Monday, September 17, 2012

Schools & PEF in East London

Sent: Saturday, September 15, 2012 10:09:39 AM

     Bernie, the caretaker here, does not work on Saturdays, so no Zumba this morning for me.  We went for a stroll along the Board Walk which fronts the Ocean and collected shells along the beach.  Genobie is a retirement town located at the end of a peninsula.  The main road ends at the beach front.  We haven't done this since we were in Mazatlan.  When it started to rain we went shopping and bought papaya for breakfast.  After breakfast I had my hair done as we are presenting a PEF fireside for six wards before the world- wide young adult fireside tomorrow.    It's a blessing to be able to cover all East London's wards and branches before the end of the month.  
     I'm able to access the Internet today because Tom purchased yet another 3G card which seems to working.  He's delighted as we need the internet to do our PEF work and he hopes to catch the BYU/Utah game at 4:00 a.m. tomorrow morning.  The Fowers took us to a government primary school yesterday.  Sister Luci is a gifted administrator who set up three Charter schools in California before she retired.  Now she is helping Phakamile School in NU 18 set up a computer lap.  There are over 600 students in the school and at least 45 children in every class.  The kids are so starved for affection that they just mob you when you show them any attention.  The teachers here are underpaid and overwhelmed.  In some schools they have not been paid since January.  Textbooks often do not arrive until months after school has started and supplies are practically non existent. 

      Brother and Sister Fowers volunteered and taught English at Phakamile when they first arrived in East London.  They believed they could help the teachers by modeling good teaching practices.  But the teachers just disappeared when they took over the classes so the Fowers became discouraged and looked for other ways to help schools.  Now they spend most of their time here doing missionary support and helping people in the townships upgrade homes. 

     Visiting an elementary school was quite an experience. What we found was that this is not education, it's warehousing kids.  There is probably 3 hours a day of instruction, if that.   
There are so many kids in every class that not much learning can take place.  Yet the children are expected to pass state tests in order to Matric.  Most white kids attend private schools and do fine but the Blacks often drop out before they graduate.  This prevents them from getting a good job.  The youth here feel hopeless and helpless and many turn to crime.

     We met a a 33-year old returned missionary when we presented a fireside in Sada who qualifies for a PEF loan to get a driver's license which he can get in a few weeks. But instead he returned to this rural community and has since been unemployed.  Gary Human feels that PEF can be a blessing.  
But the young adults here must understand the program, explore their options and apply for a loan.  That's our job -- actually it's our only job.  We are busy on weekends but  Monday through Friday there is lots of down time.  Still we have come to realize that nothing happens here in Africa until the PEF couple arrives, conducts firesides, prompts leaders to call the work shop teachers, and help the students to apply.  Most of priesthood leaders, like Everett Young,  are so busy with their many responsibilities, they put PEF on the back burner.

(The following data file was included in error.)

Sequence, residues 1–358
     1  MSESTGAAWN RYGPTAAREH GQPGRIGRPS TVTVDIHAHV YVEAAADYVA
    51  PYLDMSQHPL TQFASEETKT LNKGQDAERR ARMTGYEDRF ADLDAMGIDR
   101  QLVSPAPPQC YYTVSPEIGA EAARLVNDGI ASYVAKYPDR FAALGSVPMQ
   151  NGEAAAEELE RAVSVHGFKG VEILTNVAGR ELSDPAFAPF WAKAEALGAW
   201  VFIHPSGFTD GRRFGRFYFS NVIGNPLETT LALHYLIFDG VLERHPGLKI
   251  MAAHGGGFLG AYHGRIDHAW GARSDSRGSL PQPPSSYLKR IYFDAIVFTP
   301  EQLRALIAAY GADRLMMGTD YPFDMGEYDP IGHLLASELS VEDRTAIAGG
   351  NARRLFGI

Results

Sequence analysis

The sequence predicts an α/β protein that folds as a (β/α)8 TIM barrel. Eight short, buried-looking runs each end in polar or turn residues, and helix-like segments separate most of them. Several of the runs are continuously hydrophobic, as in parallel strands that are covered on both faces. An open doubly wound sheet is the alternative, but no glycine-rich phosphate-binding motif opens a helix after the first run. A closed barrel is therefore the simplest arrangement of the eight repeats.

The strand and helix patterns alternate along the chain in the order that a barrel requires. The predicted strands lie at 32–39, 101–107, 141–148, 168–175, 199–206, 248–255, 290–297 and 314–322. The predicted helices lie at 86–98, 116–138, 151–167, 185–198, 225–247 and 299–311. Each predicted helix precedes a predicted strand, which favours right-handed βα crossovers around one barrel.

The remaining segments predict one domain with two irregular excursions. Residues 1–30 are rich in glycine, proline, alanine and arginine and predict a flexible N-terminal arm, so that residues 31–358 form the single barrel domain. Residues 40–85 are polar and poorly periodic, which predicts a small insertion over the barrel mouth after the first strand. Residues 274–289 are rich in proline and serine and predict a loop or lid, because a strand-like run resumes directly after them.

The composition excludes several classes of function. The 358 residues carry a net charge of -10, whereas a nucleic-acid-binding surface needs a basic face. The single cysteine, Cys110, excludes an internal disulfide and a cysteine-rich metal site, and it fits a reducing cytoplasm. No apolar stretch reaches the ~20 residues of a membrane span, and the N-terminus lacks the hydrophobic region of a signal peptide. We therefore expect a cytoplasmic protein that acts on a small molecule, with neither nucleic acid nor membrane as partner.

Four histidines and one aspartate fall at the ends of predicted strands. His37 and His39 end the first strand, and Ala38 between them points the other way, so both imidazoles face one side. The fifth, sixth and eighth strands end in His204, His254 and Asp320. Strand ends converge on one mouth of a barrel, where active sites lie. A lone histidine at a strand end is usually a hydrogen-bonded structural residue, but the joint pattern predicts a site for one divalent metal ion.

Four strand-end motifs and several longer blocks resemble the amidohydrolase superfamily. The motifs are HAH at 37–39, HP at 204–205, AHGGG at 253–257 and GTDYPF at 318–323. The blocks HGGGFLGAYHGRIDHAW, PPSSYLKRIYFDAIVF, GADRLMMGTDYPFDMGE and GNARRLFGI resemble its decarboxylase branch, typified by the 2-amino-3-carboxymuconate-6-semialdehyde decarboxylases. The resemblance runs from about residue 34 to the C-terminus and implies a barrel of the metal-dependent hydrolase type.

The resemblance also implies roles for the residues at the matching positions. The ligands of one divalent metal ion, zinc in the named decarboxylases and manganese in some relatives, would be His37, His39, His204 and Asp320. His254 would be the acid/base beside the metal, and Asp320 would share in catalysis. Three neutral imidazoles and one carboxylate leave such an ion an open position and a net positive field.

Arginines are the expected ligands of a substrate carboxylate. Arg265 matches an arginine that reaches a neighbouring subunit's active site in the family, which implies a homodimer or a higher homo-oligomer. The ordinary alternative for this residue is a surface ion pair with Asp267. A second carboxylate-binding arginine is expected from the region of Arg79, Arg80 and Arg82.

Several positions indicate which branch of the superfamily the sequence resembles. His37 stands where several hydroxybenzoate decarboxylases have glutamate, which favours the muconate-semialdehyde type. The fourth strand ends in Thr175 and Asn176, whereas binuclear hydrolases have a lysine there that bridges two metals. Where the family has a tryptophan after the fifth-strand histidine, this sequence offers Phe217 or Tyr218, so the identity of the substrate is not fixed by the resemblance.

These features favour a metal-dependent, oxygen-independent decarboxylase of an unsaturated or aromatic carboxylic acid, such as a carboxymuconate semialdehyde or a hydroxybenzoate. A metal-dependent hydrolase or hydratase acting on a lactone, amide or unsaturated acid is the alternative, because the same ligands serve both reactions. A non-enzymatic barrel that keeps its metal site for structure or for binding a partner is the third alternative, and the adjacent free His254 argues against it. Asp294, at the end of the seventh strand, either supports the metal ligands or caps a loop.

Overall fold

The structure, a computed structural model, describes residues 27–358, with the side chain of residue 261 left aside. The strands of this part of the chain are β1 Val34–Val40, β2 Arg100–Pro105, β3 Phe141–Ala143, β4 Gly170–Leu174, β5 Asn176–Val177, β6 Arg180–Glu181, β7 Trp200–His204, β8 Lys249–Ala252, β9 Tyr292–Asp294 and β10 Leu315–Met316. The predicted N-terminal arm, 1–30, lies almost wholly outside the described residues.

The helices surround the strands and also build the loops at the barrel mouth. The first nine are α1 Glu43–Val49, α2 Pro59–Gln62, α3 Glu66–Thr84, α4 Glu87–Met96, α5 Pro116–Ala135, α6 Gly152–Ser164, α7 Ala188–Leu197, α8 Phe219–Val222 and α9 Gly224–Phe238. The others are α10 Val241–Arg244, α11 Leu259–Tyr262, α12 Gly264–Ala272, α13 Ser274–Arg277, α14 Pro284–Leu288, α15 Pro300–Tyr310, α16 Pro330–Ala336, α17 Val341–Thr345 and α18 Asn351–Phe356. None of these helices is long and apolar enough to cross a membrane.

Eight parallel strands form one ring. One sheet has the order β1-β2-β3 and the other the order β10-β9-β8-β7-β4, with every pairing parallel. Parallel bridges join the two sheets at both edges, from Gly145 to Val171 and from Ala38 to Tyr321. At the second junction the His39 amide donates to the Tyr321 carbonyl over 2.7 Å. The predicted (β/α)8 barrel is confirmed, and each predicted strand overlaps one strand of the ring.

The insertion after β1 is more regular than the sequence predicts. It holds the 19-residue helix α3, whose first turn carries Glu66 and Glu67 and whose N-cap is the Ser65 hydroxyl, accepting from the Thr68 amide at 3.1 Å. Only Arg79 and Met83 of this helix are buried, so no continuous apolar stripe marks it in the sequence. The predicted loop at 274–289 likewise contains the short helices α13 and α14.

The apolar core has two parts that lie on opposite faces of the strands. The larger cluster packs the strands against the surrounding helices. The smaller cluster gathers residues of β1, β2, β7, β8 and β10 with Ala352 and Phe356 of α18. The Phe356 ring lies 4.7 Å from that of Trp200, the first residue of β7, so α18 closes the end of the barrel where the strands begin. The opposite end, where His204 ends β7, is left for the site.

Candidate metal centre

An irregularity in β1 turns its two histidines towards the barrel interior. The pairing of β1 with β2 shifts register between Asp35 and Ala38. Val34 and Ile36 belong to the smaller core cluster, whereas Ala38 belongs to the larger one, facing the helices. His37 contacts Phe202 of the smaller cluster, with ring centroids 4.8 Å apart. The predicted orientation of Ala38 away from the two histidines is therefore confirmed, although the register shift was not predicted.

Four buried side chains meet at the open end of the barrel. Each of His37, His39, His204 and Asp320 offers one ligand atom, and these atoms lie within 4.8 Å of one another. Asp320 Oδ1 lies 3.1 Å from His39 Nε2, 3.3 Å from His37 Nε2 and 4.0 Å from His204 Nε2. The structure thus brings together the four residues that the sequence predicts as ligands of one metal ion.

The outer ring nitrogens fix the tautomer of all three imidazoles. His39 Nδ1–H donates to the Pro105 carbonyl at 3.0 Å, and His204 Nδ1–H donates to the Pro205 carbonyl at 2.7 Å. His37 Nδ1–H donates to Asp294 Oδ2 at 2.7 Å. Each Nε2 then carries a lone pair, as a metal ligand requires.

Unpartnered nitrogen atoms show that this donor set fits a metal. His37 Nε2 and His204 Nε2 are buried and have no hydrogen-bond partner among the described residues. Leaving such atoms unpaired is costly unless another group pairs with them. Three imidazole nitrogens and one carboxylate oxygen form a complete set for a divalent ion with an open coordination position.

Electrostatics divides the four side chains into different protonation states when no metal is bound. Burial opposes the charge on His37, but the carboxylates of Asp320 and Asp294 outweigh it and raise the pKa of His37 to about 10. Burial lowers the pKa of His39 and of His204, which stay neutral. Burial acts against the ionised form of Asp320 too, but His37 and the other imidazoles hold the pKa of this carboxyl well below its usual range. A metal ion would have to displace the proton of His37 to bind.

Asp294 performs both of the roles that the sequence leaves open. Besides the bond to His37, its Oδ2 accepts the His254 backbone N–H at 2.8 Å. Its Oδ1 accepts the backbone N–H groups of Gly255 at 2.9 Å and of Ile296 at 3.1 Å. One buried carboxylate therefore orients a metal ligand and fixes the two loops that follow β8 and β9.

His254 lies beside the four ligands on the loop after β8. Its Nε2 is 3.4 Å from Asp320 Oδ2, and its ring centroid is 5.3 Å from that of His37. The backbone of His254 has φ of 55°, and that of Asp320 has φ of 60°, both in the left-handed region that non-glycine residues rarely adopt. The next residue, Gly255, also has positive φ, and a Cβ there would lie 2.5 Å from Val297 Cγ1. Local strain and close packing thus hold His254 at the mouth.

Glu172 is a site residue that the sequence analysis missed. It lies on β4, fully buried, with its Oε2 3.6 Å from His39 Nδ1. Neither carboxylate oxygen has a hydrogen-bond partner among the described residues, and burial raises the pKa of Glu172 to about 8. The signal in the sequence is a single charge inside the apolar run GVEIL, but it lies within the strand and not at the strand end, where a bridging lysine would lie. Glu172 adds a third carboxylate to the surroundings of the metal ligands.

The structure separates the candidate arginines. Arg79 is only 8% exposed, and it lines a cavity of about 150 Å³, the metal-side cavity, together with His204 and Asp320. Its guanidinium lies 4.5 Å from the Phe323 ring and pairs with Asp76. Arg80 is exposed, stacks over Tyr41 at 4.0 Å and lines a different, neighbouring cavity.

On a more positive note we love supporting  the young missionaries by inspecting their flats, and attending their Zone and District Conferences. Which is why Kevin Frere in Port Elizabeth Ward, said that the LaPray's served two "Golf Missions."   It's a good thing I like to read and usually finish one book each week.  Meanwhile I've come to realize that nothing would happen in Africa without a senior couple specifically assigned to PEF.  When we finally have a student apply it takes a lot of time and effort just to get their paper work in so their loan can be approved.

      In an effort to find things to do we have found Hemmingway's Mall, a very upscale mall here in East London where we have seen a couple of good movies.  Tom is able to keep up with high school football with our on again, off again, internet service.  The weather changes every day.  It was very hot a couple of days ago, then it started to rain and there has been lots of wind.  I keep thinking that spring is around the corner and the weather will clear up but that's not the case.

     Meanwhile we have gone to the East London Museum twice and seen a museum with farm equipment which reminded me of what dad used to use.  There was also a gypsy caravan, some old buggies and oxen drawn wagons there.  We drove to King Edward Town to see a Missionary Museum which was advertised as being open.  However it was locked up tight.  The gate was padlocked and no one answered when we called the number posted on the gate. 
You cannot function in South Africa without a cell phone as you must call to access homes and businesses in gated communities

    Saturday night we attended Sterling High School's Vocal Celebration at the Guild Theater. This production restored my faith in public education here in South Africa.  I sat by a Black math teacher whose daughter was in the performance.  She said that Sterling is a public high school that has achieved high marks in both academics and athletics.  Black, White and Colored students attend without cost and many participated in this production.  The choirs were led by a young White African woman. The white male drama teacher sang a number from Les Miserables.  This is the third high school production we have seen and all of them were very good.

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